Ever since the new Mahindra Thar broke cover on the Independence Day, a lot of wrong information about the vehicle has been reported. We bring to your attention four such blunders, and also correct them for everyone's benefit.
The Mahindra Thar gets a petrol engine for the first time since the CJ-3B
That's incorrect, and not just semantically, but factually too. Forget the semantics for now; let's talk about the facts.
There were two petrol 4x4s that came in between the CJ-3B and the new Thar: the MM 440 and MM 540/550 NGCS ISZ. The former had the CJ-3B's F4-134 Hurricane engine, while the latter had Isuzu's (hence the ISZ in the nomenclature) 4ZB1 1.8-liter petrol (from the Contessa and Amby).
In fact, there were two more petrol jeeps by Mahindra: CJ/CL 340 PE and CL 540 PE. These used Peugeot's P1250 petrol engine, which, interestingly, was derived from Peugeot's own XDP4.90 2112 cc diesel mill. However, zilch information is available on these two vehicles, so even if the majority of auto journalists do not know about them, it's absolutely okay. What's inexcusable though is not knowing about the 440 and ISZ when you're claiming to be an auto journalist.
Moreover, even the CJ-3B was not a vehicle "developed" by Mahindra. That credit goes to Willys-Overland—the company that made the MB, CJ-2A, and CJ-3A before making the CJ-3B. Mahindra on the other hand started its automotive journey by "assembling" CJ-2A, CJ-3A, and CJ-3B Jeeps in India under license from Willys.
That makes the new Thar Mahindra's first-ever petrol 4x4 to be developed inhouse.
Again, there were petrol 4x4s made by Mahindra even after the CJ-3B. Therefore, the statement—it is for the first time since the original CJ3B that there's a petrol engine on offer—is factually wrong because there had been two petrol 4x4s in between (MM 440 and MM ISZ).
Thar's hardtop can be removed
Of course, it can be removed. You can remove the bonnet as well. In fact, you can remove pretty much every panel of the Thar that's held in place by hinges, screws, nuts & bolts, etc. The point is: you can remove the new Thar's hardtop, but was it designed to be taken off? The answer is a big NO.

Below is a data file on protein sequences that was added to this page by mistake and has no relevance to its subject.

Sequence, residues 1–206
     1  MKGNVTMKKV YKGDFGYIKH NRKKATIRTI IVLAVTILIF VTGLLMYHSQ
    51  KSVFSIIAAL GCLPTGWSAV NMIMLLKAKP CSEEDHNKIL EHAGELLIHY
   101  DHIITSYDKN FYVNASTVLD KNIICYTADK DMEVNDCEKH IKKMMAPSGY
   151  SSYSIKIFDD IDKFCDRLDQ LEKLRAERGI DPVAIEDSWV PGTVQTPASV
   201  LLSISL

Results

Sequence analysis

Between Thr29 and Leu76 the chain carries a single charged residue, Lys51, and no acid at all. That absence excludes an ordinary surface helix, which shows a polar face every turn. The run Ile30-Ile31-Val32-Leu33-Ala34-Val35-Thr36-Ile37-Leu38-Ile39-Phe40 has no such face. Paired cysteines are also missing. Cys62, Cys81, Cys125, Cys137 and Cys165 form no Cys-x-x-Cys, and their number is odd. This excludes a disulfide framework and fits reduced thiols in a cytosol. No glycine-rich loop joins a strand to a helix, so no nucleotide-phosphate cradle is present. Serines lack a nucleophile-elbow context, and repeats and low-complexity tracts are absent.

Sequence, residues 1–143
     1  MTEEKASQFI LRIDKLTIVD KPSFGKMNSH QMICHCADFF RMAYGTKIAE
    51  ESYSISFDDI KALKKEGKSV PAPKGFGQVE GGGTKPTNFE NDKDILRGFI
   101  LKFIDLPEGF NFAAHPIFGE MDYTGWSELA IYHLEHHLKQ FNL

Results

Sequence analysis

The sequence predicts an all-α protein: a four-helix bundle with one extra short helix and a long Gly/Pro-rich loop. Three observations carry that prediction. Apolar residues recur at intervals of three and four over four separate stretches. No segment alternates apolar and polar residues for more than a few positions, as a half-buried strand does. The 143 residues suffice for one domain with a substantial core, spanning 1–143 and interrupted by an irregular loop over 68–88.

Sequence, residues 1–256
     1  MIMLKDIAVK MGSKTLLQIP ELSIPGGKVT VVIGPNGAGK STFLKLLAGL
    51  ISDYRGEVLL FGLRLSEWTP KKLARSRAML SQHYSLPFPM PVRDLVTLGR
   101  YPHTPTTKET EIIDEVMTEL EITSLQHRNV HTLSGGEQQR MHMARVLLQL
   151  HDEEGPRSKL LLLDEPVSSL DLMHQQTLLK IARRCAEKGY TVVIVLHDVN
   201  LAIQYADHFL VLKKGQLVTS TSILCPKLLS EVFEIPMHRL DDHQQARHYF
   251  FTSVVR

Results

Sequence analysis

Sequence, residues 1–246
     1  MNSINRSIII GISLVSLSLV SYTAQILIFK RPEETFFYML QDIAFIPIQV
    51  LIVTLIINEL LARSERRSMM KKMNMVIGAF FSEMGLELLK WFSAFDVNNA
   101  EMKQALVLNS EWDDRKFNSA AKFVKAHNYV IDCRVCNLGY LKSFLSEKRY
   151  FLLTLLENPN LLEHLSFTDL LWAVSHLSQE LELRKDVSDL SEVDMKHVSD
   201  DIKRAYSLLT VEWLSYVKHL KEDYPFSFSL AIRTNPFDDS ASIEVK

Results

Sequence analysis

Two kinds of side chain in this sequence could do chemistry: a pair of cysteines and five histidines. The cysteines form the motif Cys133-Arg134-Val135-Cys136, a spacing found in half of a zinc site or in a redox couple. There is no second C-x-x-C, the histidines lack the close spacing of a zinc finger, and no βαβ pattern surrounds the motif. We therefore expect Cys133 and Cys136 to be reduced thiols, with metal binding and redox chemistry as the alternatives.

I must also mention that I did ask the nice chaps at Mahindra to clarify, once and for all, the kind of tops the new Thar will wear, and they obliged. Here's what the factory options are:
i) Fixed hard-top (not designed to be taken off, but not impossible if you are Iron Man, or have worked at a body shop—more commonly known as "denting-painting" workshops—for at least six months)
ii) Fixed soft-top (not designed to be taken off, but not impossible even if you're Pepper Potts, or have at a body shop for even a month) at least six months
iii) Convertible soft-top (it's a "folding top" with a mechanism not much dissimilar to a scissor-top, which means it can be taken off in less than two minutes even by someone with a below-average IQ)
4H is for Highways
This is by far the most horrendous statement I've heard and viewed (it's on YouTube) this year. Needless to say, it's grossly wrong. I'll quickly explain what the H in 4H stands for, and why you should never use it on highways. The H in 4H means High, and not highway. And High doesn't refer to intoxication of any kind, but a higher gear ratio as compared to 4L (which stands for 4 Low).
Why you should never use it for highway driving? Two words: Driveline windup. In other words, stuff like shearing your differentials, twisting your prop shafts, etc., doesn't sound pleasant, right?
Therefore, city roads or highways, stick to 2H on dry pavement. Either of the two four-wheel-drive modes (4H/4L) should be used in low-traction conditions only, and that too when you're a hundred per cent sure that two-wheel-drive (2H) won't get you by. If you want, I shall do a separate story on "when and how to use 4WD".
The Thar looks like the Wrangler because Mahindra used to make World War 2 Jeeps
This was perhaps referring to the fact that Mahindra shares its heritage with a major part of JEEP's heritage (the aforementioned CJs, primarily). However, Mahindra never made any WW2 Jeeps. Willys (MB) and Ford (GPW) made them. Also, please read point number 1 above again.